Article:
We all know the story about how Eve was enticed by a serpent to taste fruit plucked from the tree of the knowledge of good and evil, and in her desire for wisdom, the entire world that she had known was turned upside-down. Shame started driving her decisions, rather than acceptance and love. Because of this breach of trust, God cast Adam and Eve out of the garden and set formidable guardians to prevent them from reaching the Tree of Life and gaining immortality.
This is where it gets tricky: was it an apple or not? The quick answer is no, the apple is a result of overly enthusiastic Renaissance fanfic artists.
Garden of the Hesperides
Greek mythology talks about a spectacular apple tree that belonged to Hera, guarded by a dragon and the Hesperides, set in a distant garden. The location came into play during Heracles’ Labours, where he had to get past the guardians to procure the golden apples.
Epic of Gilgamesh
In tablet #11 of this version from Mesopotamia, there is a thorny plant with a flower that offers eternal youth. Although Gilgamesh manages to claim it, a serpent steals it away before it can be used. Although there are no mentions of apples, it bears remarkable resemblance to the Eden story, and seems to reiterate that apples were likely not the fruit meant as a symbol in Genesis.
This is the most popular time of the year to use apples incorporated into spellwork, because the veil between worlds is thin at that time, and apples are often associated as a fruit of the underworld / portal to faerie realms.
If you are especially daring, stand in front of a mirror at midnight, holding up a candle. Carefully present an apple sliced into nine pieces, while staring into the mirror, and toss one piece at time over your left shoulder, using a silver knife. Supposedly you will see your future lover standing beside you. Allow the candle to fully burn out, and leave the apple slices out for faeries in the morning. Be careful to protect yourself thoroughly before using mirror magick.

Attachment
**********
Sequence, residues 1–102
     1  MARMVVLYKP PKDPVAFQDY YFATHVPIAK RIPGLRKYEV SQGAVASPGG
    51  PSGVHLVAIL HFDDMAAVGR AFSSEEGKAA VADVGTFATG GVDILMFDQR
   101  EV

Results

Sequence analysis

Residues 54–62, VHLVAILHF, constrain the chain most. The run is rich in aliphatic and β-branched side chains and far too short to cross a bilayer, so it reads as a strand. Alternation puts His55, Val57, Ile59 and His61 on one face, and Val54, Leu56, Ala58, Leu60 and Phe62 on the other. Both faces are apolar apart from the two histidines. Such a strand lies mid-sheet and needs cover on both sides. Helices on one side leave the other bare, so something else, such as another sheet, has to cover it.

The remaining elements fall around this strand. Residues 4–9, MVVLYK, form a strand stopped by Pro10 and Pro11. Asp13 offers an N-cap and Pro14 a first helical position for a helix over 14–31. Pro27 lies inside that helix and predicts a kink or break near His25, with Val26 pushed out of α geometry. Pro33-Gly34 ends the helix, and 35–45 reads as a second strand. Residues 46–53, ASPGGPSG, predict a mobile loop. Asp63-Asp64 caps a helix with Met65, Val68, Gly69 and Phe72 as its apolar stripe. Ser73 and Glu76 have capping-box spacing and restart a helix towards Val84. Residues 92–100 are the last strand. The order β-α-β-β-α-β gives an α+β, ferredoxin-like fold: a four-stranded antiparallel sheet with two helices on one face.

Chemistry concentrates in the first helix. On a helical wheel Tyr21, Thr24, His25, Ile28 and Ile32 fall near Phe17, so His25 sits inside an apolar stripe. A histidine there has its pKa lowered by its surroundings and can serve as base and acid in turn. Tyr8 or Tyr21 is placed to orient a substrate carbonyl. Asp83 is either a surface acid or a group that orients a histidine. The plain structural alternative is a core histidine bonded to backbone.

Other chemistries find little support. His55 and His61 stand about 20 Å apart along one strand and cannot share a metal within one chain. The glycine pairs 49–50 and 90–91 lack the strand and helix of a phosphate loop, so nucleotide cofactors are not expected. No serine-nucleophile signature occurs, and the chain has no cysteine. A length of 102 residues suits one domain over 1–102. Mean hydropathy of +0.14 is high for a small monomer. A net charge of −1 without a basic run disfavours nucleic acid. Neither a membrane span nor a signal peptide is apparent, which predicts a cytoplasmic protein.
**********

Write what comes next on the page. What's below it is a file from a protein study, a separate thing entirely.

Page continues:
Leaving apple slices out for the fairies is a common practice. Don’t do this if you aren’t ready to work with them—I accidentally left an apple half outside one time and it took some negotiating with them as a result. If you need to rectify a situation with fairies, speak politely but firmly and offer other sweet fruits / honey.
Apple trees are a classic wand wood, especially if it comes from an orchard that you feel a connection with. If this is your plan, make sure you have permission from the landowner to harvest the branch and have spent some time with the tree to make sure it is the right one to use, since wands are incredibly personal. You can leave it simple and natural, or add your brand of magick: rune carvings, bells, seashells, etc or use Christian symbolism like fish, Celtic crosses, etc.
If you want to give your prayers or spells extra “oomph” add an apple half showing the star of seeds in the middle and stuff it with additional focusing herbs that are appropriate to what you are trying to accomplish. You can also use dried apple blossoms as an ingredient for prosperity, renewal, and healing.
Blood related magick, while extremely common in the Bible, is dangerous to use when inexperienced. If you aren’t comfortable with it, and don’t want to use alcohol like red wine, apple cider can be an interesting substitute.
What do you use apples for? Let me know in the comments!